But some conditions warrant the use of one or the other and not both. For example, ice only is excellent for treating headaches, and heat can help soothe arthritis and other chronic pain symptoms. If you're not sure which is best for your condition, you can always seek advice from a medical professional.
Depending on your condition's severity, you may want to consider exercising to speed up the recovery process. Working out increases blood flow, helps you stretch muscles, and allows you to burn off energy that is preventing you from getting enough restorative sleep.
In any state, exercise is excellent for pain management. But injuries and intense exercise don't go hand in hand. Don't worry, though, if the pain you're experiencing is on account of an injury, you may still get the exercise you need with an active recovery routine.
Active recovery techniques involve less intensive forms of exercise that avoid agitating an injury. Swimming, yoga, tai chi, steady-state cardio, and even low resistance weight lifting are all popular types of activity in this category.
A massage is a great way to help release toxins trapped throughout tense muscle tissue, improve circulation, and restore mobility. It is also highly therapeutic because it helps to reduce stress levels and allows you to reach a deep state of relaxation.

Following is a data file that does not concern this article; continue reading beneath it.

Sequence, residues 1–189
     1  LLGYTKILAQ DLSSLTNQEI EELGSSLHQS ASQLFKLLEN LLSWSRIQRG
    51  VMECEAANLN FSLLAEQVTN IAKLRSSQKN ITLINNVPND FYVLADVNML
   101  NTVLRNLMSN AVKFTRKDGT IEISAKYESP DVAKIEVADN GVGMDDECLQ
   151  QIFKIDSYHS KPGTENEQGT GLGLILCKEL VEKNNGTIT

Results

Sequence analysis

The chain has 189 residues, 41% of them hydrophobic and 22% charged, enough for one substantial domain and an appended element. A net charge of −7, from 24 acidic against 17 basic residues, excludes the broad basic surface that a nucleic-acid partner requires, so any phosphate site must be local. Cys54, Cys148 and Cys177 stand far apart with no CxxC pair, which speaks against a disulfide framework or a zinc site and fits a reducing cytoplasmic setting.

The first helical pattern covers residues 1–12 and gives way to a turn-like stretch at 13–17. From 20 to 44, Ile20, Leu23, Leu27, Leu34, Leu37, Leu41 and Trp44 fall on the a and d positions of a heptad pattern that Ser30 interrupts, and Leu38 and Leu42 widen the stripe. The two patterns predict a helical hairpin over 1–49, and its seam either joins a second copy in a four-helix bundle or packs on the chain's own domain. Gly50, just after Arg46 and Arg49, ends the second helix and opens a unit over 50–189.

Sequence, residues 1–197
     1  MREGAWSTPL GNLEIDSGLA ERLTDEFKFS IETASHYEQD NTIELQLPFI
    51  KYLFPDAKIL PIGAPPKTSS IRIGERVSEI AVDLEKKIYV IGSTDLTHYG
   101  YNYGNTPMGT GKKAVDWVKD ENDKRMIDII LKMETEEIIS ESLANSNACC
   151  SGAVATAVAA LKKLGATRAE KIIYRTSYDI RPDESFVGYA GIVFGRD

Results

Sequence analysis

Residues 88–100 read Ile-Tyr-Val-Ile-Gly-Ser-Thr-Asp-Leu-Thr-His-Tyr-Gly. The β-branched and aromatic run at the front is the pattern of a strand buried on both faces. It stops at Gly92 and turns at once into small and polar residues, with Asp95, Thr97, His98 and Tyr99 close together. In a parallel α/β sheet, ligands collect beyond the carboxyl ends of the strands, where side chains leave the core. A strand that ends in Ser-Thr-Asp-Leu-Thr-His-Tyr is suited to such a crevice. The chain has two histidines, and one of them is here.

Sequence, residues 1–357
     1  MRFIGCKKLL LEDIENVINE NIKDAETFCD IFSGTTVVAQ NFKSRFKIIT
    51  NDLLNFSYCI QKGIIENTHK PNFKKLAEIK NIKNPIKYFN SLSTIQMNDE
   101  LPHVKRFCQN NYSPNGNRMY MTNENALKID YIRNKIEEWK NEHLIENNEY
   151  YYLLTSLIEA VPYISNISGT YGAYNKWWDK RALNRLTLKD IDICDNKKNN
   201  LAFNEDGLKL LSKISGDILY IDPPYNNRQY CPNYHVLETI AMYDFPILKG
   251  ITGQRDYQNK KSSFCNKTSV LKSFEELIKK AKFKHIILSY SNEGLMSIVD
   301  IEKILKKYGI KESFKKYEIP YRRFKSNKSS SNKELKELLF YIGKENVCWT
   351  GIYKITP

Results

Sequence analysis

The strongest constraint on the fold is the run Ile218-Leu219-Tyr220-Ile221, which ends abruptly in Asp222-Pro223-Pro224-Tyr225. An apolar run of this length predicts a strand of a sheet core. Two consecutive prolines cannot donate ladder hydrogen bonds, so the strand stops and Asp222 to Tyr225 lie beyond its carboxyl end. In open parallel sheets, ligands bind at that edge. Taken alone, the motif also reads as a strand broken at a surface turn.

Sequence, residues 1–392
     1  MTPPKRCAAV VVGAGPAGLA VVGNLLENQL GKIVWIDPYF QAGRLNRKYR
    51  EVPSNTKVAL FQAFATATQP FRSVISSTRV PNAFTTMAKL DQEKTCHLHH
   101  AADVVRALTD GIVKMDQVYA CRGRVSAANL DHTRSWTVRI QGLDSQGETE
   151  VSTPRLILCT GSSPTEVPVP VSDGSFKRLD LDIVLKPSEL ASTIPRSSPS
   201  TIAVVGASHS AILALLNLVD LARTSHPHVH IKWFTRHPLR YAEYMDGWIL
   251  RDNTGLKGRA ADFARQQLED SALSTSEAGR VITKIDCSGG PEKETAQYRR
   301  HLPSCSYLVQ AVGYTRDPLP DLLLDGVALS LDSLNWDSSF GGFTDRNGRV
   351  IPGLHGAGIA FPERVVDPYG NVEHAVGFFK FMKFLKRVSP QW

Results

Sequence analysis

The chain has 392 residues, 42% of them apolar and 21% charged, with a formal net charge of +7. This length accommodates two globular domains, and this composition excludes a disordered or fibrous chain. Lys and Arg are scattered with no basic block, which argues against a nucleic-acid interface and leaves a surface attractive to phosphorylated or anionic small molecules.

But, keep in mind that not all practices are the same, and what you may need to treat an issue can be vastly different from what another does.
Deep tissue massages are excellent for treating specific injuries and chronic pain disorders, whereas a hot stone massage, sinus massage, and Swedish massage work to accomplish different goals. You will need to do some research or speak with a massage therapist to decide which is most beneficial to you.
While a session with a trained masseuse is highly beneficial, it isn't the only way to reap the rewards of massage therapy. This is excellent news for those who can't work professional treatment into their budget or schedule.
Myofascial release techniques and working tense muscle tissue is a phenomenal way to help reduce pain and restore mobility and is something you can do on your own.
Hanging it in your doorway at the desired height allows you to use the gentle foam rollers to work various areas of your neck and back. And because it works almost like a third hand, you don't have to worry about straining muscles to reach the areas that need the most attention. The Backmate allows you to target and relieve painful knots, trigger points, spasms, and muscle tension.
As an alternative, our Power Massager is a handheld self-massaging tool you can use to treat pain in areas with percussive therapy. You can use the powerful pulsations to massage areas such as your legs, arms, and shoulders.
Always be considerate of your condition and specific advice your doctor or physician gives you. And you should not use these forms of pain management in place of the prescription medications or specific instructions medical professionals provide you with.
Instead, use them as a means to supplement whatever healing techniques you must use or in place of non-prescription medications you depend on to get by. With proper implementation of any of these techniques, you are sure to reduce pain and improve your overall quality of life.